The tomb of Sikandar Lodi, the second ruler of the Lodi dynasty who reigned from 1489 to 1517. His elaborate tomb is situated in the Lodi Gardens in New Delhi, in an elaborate enclosure surrounded by high walls and several pavilions.
Quite befittingly, this "year of travels" ended on the same note with a tour to New Delhi, Agra, Ranthambhore and Jaipur in northern India. From Mowgli and Secret Garden to Midnight's Children, A Fine Balance, Half a Life and A Suitable Boy, (an imaginary) India has played a role in my favorite readings, and had an irresistible draw on me that screamed to be satisfied at some point. This Christmas season was the perfect time to finally fulfill that yearning.
Views of the battlements surrounding Sikandar Lodi's tomb. Walkways meander through the large park that includes several tombs and mosques from different historic eras. The chhatris (second picture above) and the interior of the tomb were originally decorated with intricate tiles with green and blue mineral pigments and incised plaster work, some of which still remain.
Back home since two days ago, I'm still amazed by how my expectations were such an exact fit with the actual experience. India was everything I had imagined: poor, dirty, miserable - with desperately needy families lining the busy streets, living in makeshift huts among their own trash. And at the same time, the country is filled with glorious historic buildings, magnificent landscapes, decorative arts and handicrafts painstakingly produced by highly skilled artisans, all which appeared even more heartbreakingly beautiful against the background of poverty and filth.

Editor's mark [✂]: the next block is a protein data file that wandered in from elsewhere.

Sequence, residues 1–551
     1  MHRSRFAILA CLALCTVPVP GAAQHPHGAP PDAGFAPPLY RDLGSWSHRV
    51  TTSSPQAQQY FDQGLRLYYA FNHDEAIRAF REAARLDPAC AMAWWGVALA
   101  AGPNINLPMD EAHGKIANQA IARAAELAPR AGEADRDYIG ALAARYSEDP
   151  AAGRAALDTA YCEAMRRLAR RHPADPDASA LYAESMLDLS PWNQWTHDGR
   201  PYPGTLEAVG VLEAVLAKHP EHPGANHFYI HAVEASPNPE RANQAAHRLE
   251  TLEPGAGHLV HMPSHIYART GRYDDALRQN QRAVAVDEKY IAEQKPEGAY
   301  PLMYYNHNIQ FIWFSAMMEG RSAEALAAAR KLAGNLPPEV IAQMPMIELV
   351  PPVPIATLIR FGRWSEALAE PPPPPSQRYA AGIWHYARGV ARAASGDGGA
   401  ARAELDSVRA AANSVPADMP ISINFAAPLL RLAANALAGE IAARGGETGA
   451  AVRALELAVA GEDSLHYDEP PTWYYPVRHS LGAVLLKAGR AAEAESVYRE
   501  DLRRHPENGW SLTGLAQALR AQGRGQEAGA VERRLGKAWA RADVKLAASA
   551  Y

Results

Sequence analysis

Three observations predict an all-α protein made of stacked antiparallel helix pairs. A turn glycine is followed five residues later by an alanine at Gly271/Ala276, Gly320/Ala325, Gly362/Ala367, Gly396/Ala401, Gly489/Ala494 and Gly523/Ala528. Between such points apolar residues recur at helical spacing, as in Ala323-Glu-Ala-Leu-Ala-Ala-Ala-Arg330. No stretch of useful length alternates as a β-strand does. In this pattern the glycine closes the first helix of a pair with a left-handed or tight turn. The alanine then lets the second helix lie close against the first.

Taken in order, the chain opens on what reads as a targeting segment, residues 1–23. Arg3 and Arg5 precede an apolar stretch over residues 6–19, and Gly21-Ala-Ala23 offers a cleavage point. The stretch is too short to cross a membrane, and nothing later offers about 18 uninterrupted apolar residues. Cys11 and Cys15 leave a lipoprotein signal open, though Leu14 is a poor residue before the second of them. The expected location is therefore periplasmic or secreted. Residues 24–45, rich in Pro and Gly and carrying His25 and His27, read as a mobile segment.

Wall mosques (second picture above) surround the octagonal tomb in the middle of the enclosure. Four pathways edged with (struggling) roses lead to east, west, south and north and large, old trees stand in the four corners.
Mother India is a strict mother, indeed. History, economical factors, traditions, social patterns - so many reasons I'm neither learned nor experienced enough to analyze why life still needs to be so unimaginably hard for so many in India today. The inequality of income and related lack of possibilities are both screamingly unfair towards those on the lowest steps of the social ladder. Where and to whom one is born rules how one's life unfold to an all too high degree. With over 1.2 billion inhabitants, all reforms must understandably be hard to carry through, but there are no excuses for not trying. Yes, I did enjoy the journey immensely, but as you see, not without apprehension. More coming soon.